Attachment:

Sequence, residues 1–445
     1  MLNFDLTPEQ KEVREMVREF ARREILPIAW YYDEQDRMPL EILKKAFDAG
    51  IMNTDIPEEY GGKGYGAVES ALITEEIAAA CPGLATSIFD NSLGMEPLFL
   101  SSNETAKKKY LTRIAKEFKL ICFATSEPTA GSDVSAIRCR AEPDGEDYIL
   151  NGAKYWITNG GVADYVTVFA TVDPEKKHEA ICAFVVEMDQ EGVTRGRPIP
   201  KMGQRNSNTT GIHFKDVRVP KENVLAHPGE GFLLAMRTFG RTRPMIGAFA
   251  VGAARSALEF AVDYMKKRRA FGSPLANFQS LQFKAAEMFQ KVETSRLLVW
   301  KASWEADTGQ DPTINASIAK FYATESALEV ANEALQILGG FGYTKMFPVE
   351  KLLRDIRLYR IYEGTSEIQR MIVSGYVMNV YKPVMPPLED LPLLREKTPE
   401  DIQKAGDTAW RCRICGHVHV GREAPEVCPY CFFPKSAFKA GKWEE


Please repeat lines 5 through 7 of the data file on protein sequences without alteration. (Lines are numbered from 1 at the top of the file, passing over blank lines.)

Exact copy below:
   151  NGAKYWITNG GVADYVTVFA TVDPEKKHEA ICAFVVEMDQ EGVTRGRPIP
   201  KMGQRNSNTT GIHFKDVRVP KENVLAHPGE GFLLAMRTFG RTRPMIGAFA
   251  VGAARSALEF AVDYMKKRRA FGSPLANFQS LQFKAAEMFQ KVETSRLLVW